In Middle America, a land heralded for food production, it’s hard to fathom that one of every six people in the U.S. struggles to obtain nutritious food. Yet in 2016, more than 41 million Americans could not afford balanced meals, reduced the size and frequency of their meals or went hungry due to lack of resources and fresh food for sale near their homes. Food insecurity has grown by nearly 60 percent since the late 1990s, spurring the creation of more than 50,000 food banks and soup kitchens across the country. Even with emergency food programs, many of the most commonly donated foods are high in salt, sugar and fat, which can have a negative impact on overall health. Several organizations across Indiana, Ohio, Kentucky and Tennessee work to get fresh fruit, vegetables and animal protein onto the plates of those in need. The Farms to Food Banks program, for example, partners with organizations and farmers to recruit volunteers to glean, harvest, package and distribute goods through the food bank network. Not only do farmers get the chance to give back to their communities and help the hungry, they also reduce food waste by donating produce that would otherwise be plowed into compost. At Farm Credit Mid-America, we’re proud to partner with farmers, protein producers and distributors across our territory to fight hunger and help close the meal gap. Scott Laguire, a Farm Credit financial officer and volunteer, explains the impact of a network of farmers, food banks and volunteers: “You’re taking what your customers produce, not letting that go to waste, and giving it to people who are extremely thankful and appreciative of it.”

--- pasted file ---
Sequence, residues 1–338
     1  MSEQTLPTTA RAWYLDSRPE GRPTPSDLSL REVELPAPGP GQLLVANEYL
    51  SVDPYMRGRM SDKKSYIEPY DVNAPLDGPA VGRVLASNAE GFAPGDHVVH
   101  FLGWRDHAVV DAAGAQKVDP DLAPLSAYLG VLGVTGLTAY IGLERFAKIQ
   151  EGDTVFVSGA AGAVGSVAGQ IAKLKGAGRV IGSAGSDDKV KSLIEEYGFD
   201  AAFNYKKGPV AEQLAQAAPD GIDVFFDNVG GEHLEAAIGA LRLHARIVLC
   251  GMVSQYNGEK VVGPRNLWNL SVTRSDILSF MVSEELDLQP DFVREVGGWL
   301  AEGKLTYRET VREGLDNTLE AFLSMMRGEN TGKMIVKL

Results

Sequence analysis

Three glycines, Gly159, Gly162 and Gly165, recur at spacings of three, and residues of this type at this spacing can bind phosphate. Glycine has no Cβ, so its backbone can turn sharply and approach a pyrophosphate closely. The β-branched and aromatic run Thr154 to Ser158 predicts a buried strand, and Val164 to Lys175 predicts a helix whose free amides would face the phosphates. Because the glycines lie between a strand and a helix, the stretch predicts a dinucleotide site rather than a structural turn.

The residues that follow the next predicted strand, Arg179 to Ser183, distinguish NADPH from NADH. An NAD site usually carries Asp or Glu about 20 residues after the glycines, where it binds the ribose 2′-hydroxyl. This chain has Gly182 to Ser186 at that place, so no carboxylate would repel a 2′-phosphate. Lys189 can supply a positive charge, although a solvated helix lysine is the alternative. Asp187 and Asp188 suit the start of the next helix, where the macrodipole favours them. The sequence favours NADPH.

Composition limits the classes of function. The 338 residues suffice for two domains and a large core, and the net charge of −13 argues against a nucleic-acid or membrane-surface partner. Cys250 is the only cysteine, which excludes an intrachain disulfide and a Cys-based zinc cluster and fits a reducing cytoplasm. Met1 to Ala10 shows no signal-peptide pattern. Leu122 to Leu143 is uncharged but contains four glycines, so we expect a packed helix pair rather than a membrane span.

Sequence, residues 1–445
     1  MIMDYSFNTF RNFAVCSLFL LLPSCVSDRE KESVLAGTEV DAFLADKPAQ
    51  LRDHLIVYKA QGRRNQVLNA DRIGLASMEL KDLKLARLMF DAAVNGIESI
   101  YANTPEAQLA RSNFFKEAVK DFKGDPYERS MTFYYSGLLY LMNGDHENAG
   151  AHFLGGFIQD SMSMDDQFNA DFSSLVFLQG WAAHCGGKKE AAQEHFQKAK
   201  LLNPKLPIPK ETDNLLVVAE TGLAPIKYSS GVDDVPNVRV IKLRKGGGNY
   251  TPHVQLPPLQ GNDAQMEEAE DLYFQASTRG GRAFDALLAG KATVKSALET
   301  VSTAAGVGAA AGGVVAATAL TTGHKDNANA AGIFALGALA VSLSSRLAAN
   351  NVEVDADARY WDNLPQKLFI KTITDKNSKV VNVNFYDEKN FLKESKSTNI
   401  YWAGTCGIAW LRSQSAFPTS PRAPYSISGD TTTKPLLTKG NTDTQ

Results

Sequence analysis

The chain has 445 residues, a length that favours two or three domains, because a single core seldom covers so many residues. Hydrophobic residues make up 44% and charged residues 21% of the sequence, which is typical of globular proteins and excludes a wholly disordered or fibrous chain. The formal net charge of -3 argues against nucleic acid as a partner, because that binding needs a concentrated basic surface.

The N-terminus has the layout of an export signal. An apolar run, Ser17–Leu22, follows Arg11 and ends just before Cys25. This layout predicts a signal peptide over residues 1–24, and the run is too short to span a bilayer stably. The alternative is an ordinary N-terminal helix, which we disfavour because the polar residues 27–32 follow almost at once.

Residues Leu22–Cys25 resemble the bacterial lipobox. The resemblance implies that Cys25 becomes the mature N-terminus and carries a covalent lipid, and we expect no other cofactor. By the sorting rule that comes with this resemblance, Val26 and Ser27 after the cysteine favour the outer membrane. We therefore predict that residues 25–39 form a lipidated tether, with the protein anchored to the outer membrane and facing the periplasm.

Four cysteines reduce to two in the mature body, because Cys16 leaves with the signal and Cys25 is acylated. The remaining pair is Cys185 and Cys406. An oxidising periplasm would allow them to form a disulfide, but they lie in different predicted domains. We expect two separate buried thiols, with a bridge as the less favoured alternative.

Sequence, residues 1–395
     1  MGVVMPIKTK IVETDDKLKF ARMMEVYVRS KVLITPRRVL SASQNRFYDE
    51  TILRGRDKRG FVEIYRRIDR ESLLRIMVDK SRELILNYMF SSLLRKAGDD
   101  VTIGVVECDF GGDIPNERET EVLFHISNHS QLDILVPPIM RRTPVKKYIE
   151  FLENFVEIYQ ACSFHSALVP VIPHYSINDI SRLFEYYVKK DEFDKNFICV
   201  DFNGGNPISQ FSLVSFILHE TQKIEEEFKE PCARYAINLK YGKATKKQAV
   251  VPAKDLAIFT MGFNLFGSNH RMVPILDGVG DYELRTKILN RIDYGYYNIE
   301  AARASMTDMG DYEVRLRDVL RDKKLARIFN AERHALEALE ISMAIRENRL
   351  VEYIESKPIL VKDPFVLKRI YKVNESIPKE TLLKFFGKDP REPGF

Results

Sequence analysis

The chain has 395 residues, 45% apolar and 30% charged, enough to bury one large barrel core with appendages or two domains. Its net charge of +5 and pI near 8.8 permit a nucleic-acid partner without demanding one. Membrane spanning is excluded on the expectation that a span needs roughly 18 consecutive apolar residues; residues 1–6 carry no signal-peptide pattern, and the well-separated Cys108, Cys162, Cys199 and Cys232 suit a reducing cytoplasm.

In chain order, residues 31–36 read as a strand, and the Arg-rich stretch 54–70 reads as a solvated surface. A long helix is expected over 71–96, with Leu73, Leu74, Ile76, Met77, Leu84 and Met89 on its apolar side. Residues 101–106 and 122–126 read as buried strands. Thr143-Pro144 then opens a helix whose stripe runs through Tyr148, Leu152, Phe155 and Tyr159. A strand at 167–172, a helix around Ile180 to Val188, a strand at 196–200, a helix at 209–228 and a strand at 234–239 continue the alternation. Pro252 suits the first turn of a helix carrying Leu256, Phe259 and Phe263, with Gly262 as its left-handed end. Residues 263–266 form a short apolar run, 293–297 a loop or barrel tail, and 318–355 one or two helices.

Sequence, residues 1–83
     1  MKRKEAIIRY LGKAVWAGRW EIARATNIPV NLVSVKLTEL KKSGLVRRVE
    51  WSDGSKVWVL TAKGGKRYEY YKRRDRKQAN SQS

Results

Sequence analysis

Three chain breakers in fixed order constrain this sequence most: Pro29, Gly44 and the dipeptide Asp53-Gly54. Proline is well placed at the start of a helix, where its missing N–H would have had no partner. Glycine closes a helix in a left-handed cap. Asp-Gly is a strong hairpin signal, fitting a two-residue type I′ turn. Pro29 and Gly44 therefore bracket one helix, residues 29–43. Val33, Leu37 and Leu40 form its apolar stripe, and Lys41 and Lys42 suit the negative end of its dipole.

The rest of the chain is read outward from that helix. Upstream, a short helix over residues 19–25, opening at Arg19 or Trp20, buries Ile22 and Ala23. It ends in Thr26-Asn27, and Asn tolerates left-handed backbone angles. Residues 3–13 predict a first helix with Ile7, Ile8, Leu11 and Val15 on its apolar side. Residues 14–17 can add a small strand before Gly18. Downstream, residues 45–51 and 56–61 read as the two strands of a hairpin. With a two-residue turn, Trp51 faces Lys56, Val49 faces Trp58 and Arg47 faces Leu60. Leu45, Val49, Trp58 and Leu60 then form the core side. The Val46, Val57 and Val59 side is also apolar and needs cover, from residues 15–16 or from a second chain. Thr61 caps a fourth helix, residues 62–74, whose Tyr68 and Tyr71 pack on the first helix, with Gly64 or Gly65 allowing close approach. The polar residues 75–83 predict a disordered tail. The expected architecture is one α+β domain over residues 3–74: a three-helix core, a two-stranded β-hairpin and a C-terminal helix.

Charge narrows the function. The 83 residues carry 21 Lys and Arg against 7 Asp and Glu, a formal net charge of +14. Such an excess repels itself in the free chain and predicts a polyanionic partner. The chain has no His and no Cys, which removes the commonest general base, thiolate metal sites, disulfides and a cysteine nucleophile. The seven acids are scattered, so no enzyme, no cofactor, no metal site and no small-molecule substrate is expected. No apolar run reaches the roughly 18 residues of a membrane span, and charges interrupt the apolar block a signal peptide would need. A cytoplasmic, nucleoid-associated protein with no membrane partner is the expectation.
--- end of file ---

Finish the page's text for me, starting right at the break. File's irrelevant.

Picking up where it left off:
Fresh is best
Increasing the quality, variety and nutritional value of food and making it available in food deserts is a crucial step toward building healthier eating habits and communities. According to Tamara Sandberg, executive director of the Kentucky Association of Food Banks, “We know that once people try fresh fruits and vegetables through our Farms to Food Banks program, they reported being more likely to use the resources they do have to buy fresh produce again.” Last year, food banks distributed more than 45 million pounds of produce throughout our four-state territory – enough to supplement 38 million meals.
Powering up with protein
For many who struggle with food insecurity, high-quality animal protein is unaffordable and is often substituted with highly-processed meats that contain little nutritional value. Farm Credit partnered with farmers and organizations such as Indiana and Ohio Pork Producers and the Tennessee Cattlemen’s Association to donate more than 700,000 pounds of pork and beef to those in need over the last five years. Food banks are also faced with the challenge of storing meat because it needs to stay frozen for safe consumption. This summer, Farm Credit supported the Kentucky Department of Agriculture’s Hunger Initiative by donating 150 freezers to food shelters throughout the state to store animal protein.
From food desert to oasis
While food insecurity affects every community, it disproportionately affects people in metropolitan areas, households with children, single-parent families and those living at or slightly above the poverty line. In middle Tennessee, more than 400,000 people are food insecure and 26 percent of hungry children are unlikely to qualify for federal nutrition assistance, making food banks a lifeline for many. Second Harvest of Middle Tennessee is one of the largest food banks and distribution centers in the nation, delivering more than 32 million pounds of food to residents in 46 counties in 2017. To make food more accessible, the distribution center is opening a branch in the western part of its territory, which serves 14 counties in the state. In addition to helping fund the new facility, Farm Credit partnered with Second Harvest and other ag organizations to launch the Shooting Hunger Sporting Clays fundraiser which has generated more than 428,000 meals since the program’s inception three years ago.